In pursuit of happiness part 2

I’ve just finished reading David Nicholls’ ‘One Day’ which I liked a lot. It didn’t look quite as good on the tube as, say, Satre or Proust, but it did look a lot more believable. It’s full of humour, pathos, emotion and class-related awkwardness. I really liked the book, and it was about as British as ‘Friends’ is American. I think that the ‘cleverness’ of the format (catching up with the main protagonists on the same day over a twenty year period) is actually a bit limiting, and I don’t think that this gimick is necessary, but I can’t remember the last time that I read a book quite so quickly, and felt as though I knew (and cared about) the characters quite so much. It’s a bit disappointing that the book has to be turned into a film; the film serves little purpose, save to pander to those with little or no imagination. If the characters are as you imagined, it’s just like reading the book again, and if they’re nothing like you imagined, well that’s just irritating.

It’s the characters in any book or film that make it stand out. Getting you to care about these fictional people is a large part of the battle. The characters in ‘One Day’ were drawn in 3D, and when they weren’t, that was clearly deliberate, almost as a way of making the key characters stand out. One of the reasons that I dislike soaps so much is that every character exists completely in 2D, and displays such a limited range of emotions at any one time as to represent nothing but cariacature. ‘One Day’ is about life, chance, fate, friendship and love, and despite the condensing of a year into a day in every chapter, it’s clear that all of these occur in parallel, not in series.

One of the overriding thoughts I had upon finishing the book was about how unhappy the characters seemed for much of the time, and how surface happiness often masked some kind of inner turmoil. I’m sure this isn’t what I was supposed to be left with, but there you go: lots of money or too little money, hectic social life or no social life, relationship or single life, unrealised ambition or unfulfilling present: it didn’t seem to matter which stage we were at, there was always something gnawing away at our heroes, making sure that true happiness remained just out of reach. And maybe this is true to life; maybe we can’t ever be 100% blissfully happy at any one time; there’s always things going that worry us, things that could be better, and even if it were possible to attain a state of happy nirvana, wouldn’t that just make us all too aware that we were at the top of the mountain, with only one way to go?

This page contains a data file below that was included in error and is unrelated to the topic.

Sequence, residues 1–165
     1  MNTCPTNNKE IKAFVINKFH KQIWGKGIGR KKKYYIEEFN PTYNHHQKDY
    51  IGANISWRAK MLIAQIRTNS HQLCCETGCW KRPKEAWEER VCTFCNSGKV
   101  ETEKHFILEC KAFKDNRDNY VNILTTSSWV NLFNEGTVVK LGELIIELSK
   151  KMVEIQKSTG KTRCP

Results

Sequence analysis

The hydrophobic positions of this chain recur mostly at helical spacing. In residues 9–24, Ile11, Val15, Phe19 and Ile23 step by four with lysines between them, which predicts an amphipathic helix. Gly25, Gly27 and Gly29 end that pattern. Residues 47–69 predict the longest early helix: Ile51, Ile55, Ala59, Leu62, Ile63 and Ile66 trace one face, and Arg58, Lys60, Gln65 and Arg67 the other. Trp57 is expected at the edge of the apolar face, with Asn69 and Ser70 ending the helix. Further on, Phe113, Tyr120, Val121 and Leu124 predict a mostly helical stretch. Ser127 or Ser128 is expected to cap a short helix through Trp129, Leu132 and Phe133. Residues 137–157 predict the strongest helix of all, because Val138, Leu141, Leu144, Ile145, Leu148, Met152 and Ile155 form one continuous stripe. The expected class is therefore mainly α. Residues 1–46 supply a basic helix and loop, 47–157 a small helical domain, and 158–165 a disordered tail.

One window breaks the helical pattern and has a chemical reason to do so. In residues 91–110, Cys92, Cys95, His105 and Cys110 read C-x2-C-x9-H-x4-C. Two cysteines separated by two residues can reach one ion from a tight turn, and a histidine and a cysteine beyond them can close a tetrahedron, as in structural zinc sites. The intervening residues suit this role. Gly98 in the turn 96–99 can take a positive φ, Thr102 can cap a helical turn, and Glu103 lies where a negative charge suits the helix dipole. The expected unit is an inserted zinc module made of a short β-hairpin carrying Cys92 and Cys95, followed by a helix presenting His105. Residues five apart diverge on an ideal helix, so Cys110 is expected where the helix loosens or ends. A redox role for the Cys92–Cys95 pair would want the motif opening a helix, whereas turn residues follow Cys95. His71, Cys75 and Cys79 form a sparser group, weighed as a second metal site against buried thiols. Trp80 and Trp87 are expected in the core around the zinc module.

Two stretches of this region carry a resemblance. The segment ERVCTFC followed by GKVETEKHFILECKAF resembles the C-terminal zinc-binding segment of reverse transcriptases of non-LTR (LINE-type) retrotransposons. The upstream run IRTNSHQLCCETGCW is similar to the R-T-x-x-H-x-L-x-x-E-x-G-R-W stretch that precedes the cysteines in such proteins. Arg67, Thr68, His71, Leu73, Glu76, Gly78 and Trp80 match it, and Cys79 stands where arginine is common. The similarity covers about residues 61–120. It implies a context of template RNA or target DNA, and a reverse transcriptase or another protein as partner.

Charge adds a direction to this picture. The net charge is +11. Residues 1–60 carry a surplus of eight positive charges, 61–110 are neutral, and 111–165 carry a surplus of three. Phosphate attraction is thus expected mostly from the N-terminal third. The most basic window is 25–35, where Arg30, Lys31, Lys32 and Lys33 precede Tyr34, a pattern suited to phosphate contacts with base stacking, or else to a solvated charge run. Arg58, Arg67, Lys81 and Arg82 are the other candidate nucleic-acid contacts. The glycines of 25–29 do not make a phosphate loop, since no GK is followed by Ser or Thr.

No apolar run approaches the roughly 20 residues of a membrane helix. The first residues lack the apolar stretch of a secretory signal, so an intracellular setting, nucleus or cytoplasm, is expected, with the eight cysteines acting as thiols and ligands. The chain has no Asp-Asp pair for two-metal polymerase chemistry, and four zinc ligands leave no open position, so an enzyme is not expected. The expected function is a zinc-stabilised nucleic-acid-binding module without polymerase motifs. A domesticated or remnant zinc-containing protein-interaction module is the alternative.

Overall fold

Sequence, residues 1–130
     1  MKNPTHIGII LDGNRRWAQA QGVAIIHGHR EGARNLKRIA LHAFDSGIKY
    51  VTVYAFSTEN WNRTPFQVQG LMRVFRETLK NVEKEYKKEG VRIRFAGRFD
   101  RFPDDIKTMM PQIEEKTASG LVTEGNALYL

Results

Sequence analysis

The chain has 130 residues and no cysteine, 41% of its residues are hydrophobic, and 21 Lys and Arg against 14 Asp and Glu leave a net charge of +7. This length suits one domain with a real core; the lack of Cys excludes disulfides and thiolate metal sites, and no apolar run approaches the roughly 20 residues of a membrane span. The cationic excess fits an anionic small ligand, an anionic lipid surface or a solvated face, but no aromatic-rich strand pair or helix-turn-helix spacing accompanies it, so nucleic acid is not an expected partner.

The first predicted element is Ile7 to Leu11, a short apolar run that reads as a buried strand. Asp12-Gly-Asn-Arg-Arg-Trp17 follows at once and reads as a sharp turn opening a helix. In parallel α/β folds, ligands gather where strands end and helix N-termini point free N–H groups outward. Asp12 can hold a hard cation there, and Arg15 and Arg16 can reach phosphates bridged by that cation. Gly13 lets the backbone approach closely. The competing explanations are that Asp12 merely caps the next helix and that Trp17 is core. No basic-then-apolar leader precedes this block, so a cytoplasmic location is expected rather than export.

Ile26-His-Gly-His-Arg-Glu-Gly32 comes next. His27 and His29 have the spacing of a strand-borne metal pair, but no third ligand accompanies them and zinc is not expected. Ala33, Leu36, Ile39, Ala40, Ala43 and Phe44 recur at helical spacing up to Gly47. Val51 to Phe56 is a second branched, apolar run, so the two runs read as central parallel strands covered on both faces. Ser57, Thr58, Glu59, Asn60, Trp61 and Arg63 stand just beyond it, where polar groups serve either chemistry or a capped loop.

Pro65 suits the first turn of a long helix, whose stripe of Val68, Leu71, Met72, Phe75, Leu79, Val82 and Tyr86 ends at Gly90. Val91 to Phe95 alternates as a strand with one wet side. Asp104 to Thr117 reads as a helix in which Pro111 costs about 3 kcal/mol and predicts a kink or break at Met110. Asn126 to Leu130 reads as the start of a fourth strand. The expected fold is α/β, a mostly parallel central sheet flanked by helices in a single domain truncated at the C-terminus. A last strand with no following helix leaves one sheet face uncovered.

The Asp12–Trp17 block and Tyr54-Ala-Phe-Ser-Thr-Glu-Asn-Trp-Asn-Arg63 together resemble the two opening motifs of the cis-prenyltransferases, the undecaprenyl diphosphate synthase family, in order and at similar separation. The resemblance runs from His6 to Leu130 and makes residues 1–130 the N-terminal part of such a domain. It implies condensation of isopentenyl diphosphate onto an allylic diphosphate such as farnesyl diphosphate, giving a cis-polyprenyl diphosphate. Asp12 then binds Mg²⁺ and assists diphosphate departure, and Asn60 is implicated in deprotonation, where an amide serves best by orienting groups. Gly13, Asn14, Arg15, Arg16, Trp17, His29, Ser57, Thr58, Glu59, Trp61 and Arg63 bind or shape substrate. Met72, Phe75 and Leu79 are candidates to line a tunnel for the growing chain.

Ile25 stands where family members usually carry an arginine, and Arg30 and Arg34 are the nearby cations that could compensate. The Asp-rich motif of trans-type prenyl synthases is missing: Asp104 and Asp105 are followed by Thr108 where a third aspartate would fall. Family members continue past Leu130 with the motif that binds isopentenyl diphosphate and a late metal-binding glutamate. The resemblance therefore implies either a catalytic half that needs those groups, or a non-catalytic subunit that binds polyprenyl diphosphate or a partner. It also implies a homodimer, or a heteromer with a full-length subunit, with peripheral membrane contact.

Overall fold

I actually find this thought that unobtainable (complete) happiness rather comforting, and it does take the pressure off somewhat. If it’s never possible to be 100% happy, it should never be possible to be 100% sad: they’re just opposite sides of the same coin, and there’s no one without the other. No matter how rough things get, you can always grab hold of lots of happy thoughts, of things that are going well, just like golden tickets (I’m thinking more Crystal Dome than Wonka here). Each day should be a nice mix of sad and happy thoughts, of moments of elation and moments of despair (ok, maybe that’s a bit strong for every day, but you get the idea). It’s these extremes of emotion that remind us that we’re human, that remind us that we’re alive. No-one wants to hang around the person who’s a perpetual misery, whose glass is always half-empty, but there’s a reason why the word ‘grinning’ is often followed by the word ‘idiot’, and anyone who claims to be happy all the time maybe just hasn’t got a particularly well developed sense of emotion.

So go forth, rejoice and be happy. Or sad. Just try and make sure they exist in approximately equal measure.

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